the safest place to be...

Wednesday, March 02, 2011

Al From Dadeville

So he's an Alabama football fan who has poisoned a grove of trees on the campus of ultra-rival Auburn University.  These trees are more than 100 years old and they are an important venue for the cult worship of the Orange and Blue version of SEC football.  It was a pre-meditated crime carried out by stealth, one for which he would not have been abducted except that he called a sports radio show and bragged about it.

He could get ten years (I imagine it's what they would call a felony criminal mischief in my part of the country) in prison.   On a sports podcast I favor, The Solid Verbal, there was talk about, instead of him going to prison, having him clean up what is a small super fund site (the soil is contaminated and apparently has to be hauled away and replaced), replant the trees and then nurture them--all under the watchful eyes of the Auburn students.

One of hosts of this podcast said that would amount to justice, more than locking up a 62 year old man for a decade, but doubted that Al would do it.  He'd rather go to jail.

So, I wonder about that.  I do think ten years in prison is fine for killing trees--but, hey, I'm from Oregon.  We love trees up here and cut them into cookies with chainsaws to celebrate futbol goals.  ("We're the Timbers Army, Who are you?)

I like the idea Al from Dadeville (a former Texas Ranger--what position do you suppose he played?) spending the rest of his days cultivating a new copse of trees on the Auburn campus although I think wearing an orange jumpsuit would be the best attire--it's a double entendre for a convicted felon paying dues under the watchful eye of the War Eagle.  (The War Eagle?  What do you suppose porn looks like, down there?)

Maybe he would refuse.  

Well, OK.  Suppose he did.

Here's the deal, Al.  Do the trees or go to an Alabama prison (do you know how many of them there are?  Google it) and in that Alabama prison your cellee will be the biggest baddest Auburn fan in the joint.  I am sure that it would be easy to find an appropriate candidate in any of the many of those fine institutions. In fact, I wouldn't doubt it if I were told that the Auburn football fans in prisons have a rooting clubs they call the "Double Oranges." (Orange prison jumpsuits, Orange Auburn colors)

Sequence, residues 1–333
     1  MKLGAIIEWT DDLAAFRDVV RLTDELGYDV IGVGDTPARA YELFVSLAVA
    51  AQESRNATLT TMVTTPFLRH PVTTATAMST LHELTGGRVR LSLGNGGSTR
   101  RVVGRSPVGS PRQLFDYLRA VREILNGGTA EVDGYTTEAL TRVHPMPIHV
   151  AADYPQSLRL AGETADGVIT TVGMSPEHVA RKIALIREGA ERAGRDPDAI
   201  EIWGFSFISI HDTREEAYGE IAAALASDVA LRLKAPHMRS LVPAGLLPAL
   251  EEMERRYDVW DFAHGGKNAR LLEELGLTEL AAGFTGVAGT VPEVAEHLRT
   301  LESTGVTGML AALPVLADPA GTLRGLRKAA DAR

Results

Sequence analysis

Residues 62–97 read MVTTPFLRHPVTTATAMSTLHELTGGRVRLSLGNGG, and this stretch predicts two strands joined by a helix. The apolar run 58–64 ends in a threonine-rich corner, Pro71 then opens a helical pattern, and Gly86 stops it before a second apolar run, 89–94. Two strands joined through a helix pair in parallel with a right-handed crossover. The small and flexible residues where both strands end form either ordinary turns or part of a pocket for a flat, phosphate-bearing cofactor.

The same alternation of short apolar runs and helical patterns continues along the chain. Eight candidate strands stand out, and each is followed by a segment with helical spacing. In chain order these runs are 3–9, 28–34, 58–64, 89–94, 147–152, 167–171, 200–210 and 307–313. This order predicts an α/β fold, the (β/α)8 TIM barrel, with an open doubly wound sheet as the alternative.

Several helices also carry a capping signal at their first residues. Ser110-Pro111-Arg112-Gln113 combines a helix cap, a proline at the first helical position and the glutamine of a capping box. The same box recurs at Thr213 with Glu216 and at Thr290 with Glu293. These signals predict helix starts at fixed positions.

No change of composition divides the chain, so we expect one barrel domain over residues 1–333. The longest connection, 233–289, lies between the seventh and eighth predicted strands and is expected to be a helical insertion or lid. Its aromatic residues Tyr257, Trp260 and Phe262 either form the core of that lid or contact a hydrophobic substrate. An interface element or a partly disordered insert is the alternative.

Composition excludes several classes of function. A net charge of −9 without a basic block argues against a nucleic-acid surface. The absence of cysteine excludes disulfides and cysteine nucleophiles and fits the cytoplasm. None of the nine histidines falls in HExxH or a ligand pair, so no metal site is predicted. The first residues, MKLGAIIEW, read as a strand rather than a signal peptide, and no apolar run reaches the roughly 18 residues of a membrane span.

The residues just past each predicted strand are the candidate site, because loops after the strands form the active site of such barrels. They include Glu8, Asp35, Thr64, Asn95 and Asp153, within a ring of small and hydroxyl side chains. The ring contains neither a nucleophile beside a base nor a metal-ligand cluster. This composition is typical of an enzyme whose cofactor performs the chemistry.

Perhaps, Al, your cellees could be rotated in weekly.  I am sure the "DO's" would compete for a week long slumber party with you.  (Jeez, maybe someday it would be some guy close to your own age named Newton.) 

I guess, Al, we could actually put you up in that same kind of system in that women's prison near Montgomery.  A new female cellee every week--each of them an Auburn fan, each of them a convicted felon.  There's a lot of beautiful women in the state of Alabam' (been there and know it to be true) but I'm betting there are women in prison there who could kick Nick Fairly's ass and call it breakfast. Just for you, Al. 

Somehow I'm thinking that to Al from Dadeville a little OJT forestry degree would look like the better alternative.  But, hey, that's just me.  I didn't name my kids "Bear" and "Crimson," like he did.  Either choice he made seems like justice, to me.

About Me

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I am a convinced Beanite Friend, a member of Bridge City Friends Meeting, Willamette Quarterly Meeting and North Pacific Yearly Meeting of the Religious Society of Friends. Notwithstanding the doubts of some who claim the name, I am a Christian who does a Buddhist practice and believes that God talks to everyone, all the time. I have worked in the judicial branch of government, as well as being a trial lawyer, a public school teacher (counselor and coach), a kite merchant, and a Marine Corp Sergeant. I am currently working as a consultant to public and private agencies on issues of child welfare, juvenile justice, and substance abuse treatment courts.